Spelled out a little, the argument runs like this: a completely chaotic universe not only would not be amenable to mathematical description, but would not be such that any kind of mathematics could be practised in it, since the practice of mathematics itself requires that it be possible for certain kinds of stable entities and entailments (a stock of symbols, arrangements of those symbols according to a syntax, repeatable procedures of induction and verification) to exist.
The existence of mathematics does not prove that the universe is in essence mathematical, but it does prove that the universe is capable of at least local stability and regularity, of which the stability and regularity of mathematics itself is a demonstrable instance. Phenomena that are amenable to mathematical description are by that token also instances of at least local stability and regularity.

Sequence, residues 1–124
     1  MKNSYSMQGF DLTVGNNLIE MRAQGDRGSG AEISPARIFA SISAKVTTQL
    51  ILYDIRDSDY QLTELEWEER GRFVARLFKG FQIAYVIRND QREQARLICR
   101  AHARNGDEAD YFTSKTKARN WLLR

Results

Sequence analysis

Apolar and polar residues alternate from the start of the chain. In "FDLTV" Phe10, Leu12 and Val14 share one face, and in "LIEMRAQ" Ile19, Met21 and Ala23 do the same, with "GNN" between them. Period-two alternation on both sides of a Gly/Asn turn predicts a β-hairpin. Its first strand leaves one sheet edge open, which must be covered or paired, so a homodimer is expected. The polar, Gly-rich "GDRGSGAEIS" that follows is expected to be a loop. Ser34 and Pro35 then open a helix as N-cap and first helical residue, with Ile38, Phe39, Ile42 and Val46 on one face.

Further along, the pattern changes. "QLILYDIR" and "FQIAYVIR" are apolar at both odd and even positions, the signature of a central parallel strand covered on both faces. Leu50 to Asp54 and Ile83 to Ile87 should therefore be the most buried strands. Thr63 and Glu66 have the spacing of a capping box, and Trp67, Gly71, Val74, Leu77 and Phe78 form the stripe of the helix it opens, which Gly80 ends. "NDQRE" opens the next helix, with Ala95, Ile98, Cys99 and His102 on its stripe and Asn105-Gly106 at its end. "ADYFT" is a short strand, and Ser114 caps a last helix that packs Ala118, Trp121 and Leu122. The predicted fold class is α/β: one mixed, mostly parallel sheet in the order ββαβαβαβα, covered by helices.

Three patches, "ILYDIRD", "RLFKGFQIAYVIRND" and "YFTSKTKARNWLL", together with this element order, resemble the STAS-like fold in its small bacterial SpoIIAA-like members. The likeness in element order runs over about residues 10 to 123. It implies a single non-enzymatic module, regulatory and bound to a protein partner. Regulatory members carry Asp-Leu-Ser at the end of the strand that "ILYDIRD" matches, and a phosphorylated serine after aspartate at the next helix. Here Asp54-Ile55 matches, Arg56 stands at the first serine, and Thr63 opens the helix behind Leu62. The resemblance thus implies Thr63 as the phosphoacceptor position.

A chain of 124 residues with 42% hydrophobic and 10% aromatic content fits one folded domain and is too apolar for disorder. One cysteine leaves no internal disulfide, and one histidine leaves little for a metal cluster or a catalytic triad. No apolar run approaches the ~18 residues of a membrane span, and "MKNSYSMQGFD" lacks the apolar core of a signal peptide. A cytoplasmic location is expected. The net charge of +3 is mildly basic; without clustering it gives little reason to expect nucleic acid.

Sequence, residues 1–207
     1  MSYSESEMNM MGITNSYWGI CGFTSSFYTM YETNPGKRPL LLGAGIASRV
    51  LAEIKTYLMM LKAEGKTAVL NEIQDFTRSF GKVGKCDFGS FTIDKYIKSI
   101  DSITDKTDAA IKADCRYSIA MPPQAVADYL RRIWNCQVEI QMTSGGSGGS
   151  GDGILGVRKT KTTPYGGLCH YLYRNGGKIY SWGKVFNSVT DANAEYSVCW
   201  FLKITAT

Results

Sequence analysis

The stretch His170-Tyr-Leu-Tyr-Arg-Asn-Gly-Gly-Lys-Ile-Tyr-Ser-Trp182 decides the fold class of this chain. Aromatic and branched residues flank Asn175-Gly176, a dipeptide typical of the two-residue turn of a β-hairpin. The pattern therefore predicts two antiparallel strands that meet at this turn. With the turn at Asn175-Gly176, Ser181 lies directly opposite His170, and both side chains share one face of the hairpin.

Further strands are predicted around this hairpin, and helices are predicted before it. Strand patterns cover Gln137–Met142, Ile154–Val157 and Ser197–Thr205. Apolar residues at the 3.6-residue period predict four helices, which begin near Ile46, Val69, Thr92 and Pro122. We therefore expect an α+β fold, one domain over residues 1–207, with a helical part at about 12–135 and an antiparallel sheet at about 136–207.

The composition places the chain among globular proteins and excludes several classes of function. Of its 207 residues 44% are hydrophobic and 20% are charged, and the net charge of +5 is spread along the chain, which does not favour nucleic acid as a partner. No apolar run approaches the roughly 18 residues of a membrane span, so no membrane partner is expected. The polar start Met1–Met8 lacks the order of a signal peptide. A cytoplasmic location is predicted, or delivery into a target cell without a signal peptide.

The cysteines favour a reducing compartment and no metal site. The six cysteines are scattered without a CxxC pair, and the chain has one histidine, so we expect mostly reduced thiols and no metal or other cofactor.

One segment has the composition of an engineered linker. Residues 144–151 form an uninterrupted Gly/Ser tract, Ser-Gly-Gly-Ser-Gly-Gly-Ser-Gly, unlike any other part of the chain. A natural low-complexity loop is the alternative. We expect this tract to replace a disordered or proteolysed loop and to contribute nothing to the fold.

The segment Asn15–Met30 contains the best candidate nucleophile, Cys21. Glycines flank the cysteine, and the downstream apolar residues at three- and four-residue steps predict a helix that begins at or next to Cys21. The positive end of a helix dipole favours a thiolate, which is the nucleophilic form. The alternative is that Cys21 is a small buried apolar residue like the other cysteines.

There is no good reason to suppose that the universe is fundamentally chaotic, any more than we are obliged to suppose that the universe is fundamentally stable and regular. Chaos is not necessarily degenerate order; order is not necessarily arrested (or misperceived) chaos.